Election Day, 2012. Televisions and radios were swamped with last minute political ads and speculation about the outcomes. Pundits were gleefully preparing for a long night of poll watching. People from all political parties had knots in their stomachs in anticipation of either a victory celebration or a period of mourning and anger.
There was another group of people who chose to spend Election Day in a very different manner. The Chaplains and Advisors in the Religious and Spiritual Life Office at USM committed to be in prayer for the duration of voting and invited members of the USM community to join in the prayer vigil for our nation, state, and local communities as we peacefully made decisions about leadership and other ballot issues, along with prayers of gratitude that we are able to do so! Taking shifts in the Interfaith Prayer Room, chaplains, advisors and community members came in deep faithfulness. Some brought prayers to use and share. Others sat in quiet meditation.
And then there was that extraordinary moment when a Christian and Jewish chaplain were joined by a Muslim student. Each was in their own place of prayer, but they did so in each other’s presence. It was, indeed a holy moment.
Eboo Patel, the Executive Director of the Interfaith Youth Corp, told the participants of the Global Chaplain’s Conference (which I attended this summer as a participant) that higher education is in a unique position to lead our nation in teaching respectful, interfaith interaction. He reminded us that one of the primary tools that will be needed if we are to ever bring about peace, compassion and cooperation is interfaith literacy. Where else do most of us have the opportunity to interact in such close proximity with people of different faiths and races. His experience at the Interfaith Youth Corps has taught him that interfaith literacy requires of us not only encounter with people who are different from ourselves, we must also develop friendships forged in ongoing sharing and support. These friendships are what creates the foundation for global understanding and cooperation.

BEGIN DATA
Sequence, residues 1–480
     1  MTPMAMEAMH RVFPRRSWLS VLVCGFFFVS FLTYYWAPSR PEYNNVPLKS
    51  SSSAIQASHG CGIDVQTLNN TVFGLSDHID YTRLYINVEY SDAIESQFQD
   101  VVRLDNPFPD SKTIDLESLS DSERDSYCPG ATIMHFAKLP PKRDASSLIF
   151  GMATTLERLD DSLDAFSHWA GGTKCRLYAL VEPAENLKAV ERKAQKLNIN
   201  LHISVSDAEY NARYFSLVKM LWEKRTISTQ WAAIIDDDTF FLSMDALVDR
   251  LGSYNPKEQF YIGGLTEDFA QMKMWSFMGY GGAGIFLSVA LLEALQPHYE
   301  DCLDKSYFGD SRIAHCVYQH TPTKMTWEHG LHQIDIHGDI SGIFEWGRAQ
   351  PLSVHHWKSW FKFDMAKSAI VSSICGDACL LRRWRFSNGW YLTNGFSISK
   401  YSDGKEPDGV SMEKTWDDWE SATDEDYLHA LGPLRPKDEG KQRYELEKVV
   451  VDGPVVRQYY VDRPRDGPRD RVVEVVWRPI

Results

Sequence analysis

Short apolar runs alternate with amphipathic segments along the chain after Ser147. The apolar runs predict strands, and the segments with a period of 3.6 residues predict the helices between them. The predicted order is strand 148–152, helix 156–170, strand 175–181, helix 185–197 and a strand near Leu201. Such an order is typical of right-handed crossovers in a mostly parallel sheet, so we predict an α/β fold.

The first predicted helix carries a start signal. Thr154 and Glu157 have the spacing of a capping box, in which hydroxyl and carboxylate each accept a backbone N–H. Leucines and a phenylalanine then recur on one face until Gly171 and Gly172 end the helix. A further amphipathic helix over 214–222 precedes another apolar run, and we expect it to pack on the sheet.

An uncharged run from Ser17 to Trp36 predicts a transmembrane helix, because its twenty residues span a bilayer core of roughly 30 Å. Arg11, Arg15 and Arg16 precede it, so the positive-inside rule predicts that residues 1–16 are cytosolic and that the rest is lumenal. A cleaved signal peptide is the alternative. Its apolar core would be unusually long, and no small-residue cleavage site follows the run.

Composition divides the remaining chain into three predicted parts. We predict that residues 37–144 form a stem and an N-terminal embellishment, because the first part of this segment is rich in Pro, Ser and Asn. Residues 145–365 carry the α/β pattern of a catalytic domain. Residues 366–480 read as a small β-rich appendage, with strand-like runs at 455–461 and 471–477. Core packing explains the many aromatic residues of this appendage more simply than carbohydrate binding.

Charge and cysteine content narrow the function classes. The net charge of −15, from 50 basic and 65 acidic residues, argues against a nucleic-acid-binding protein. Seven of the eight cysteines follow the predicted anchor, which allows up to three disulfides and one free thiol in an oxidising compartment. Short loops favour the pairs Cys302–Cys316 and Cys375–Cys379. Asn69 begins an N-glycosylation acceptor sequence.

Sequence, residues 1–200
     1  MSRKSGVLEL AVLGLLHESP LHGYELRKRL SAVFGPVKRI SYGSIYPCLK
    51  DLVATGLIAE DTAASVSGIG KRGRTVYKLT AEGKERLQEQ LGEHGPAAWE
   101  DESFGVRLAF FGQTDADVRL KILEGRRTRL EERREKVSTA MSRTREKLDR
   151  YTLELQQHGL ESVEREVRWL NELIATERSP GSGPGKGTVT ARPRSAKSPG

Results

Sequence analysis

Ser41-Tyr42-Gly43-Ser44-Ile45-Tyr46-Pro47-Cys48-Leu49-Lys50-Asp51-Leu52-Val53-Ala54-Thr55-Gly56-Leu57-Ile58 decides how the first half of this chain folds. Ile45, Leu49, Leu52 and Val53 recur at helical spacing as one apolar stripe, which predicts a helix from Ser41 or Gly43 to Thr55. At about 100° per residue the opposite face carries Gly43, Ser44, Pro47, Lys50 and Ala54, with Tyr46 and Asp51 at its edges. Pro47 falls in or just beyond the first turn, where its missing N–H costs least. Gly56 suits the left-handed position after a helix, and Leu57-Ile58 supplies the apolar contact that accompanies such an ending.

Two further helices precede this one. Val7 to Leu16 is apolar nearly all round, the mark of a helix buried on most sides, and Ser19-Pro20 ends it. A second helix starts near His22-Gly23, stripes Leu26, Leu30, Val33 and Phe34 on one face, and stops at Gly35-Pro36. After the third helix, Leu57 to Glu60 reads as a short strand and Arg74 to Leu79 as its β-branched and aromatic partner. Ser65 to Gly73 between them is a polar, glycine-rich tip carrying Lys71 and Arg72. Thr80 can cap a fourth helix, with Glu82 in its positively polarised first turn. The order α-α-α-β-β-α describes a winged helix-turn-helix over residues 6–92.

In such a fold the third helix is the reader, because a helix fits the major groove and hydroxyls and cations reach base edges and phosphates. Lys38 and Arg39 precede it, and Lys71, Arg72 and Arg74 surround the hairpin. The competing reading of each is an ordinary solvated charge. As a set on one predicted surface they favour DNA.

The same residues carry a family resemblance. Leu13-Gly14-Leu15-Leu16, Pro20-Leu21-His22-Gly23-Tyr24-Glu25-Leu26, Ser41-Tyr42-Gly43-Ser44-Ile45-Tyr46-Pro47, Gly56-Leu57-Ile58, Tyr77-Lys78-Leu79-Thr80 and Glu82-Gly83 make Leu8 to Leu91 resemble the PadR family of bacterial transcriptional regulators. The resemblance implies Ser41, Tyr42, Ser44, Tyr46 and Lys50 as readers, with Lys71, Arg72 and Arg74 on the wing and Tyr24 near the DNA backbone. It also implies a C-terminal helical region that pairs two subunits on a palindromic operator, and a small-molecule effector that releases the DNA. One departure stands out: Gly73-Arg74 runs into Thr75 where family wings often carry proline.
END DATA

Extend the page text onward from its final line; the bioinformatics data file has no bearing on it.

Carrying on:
Higher education chaplaincy is one of the last mission fields for the church. The demographic of SBNRs (spiritual but not religious) and Nones (identifying no faith tradition) is ever increasing, and campus engagement looks very different today than it did 40 years ago in its hay day. Nearly every student encounter begins with either educating about very basic faith tenants or with a gentle re-directing of the extreme stereotypes that result in hostile first encounters.
The power of the Religious and Spiritual Life professionals’ presence on campus is a witness to the possibility of civility, respect, and compassion without a loss of one’s own beliefs. It shows a commitment to future leaders that faith communities are and will continue to be one of the places where they can find meaning and support. It also helps to remind us that our lives are not compartmentalized machines. We bring our beliefs into the academy, as well as in the workplace. Interfaith literacy allows that to happen in a way that encourages curiosity and appreciation rather than suspicion and separation.
A Christian, a Jew and a Muslim knelt together in prayer. And God, most certainly, smiled.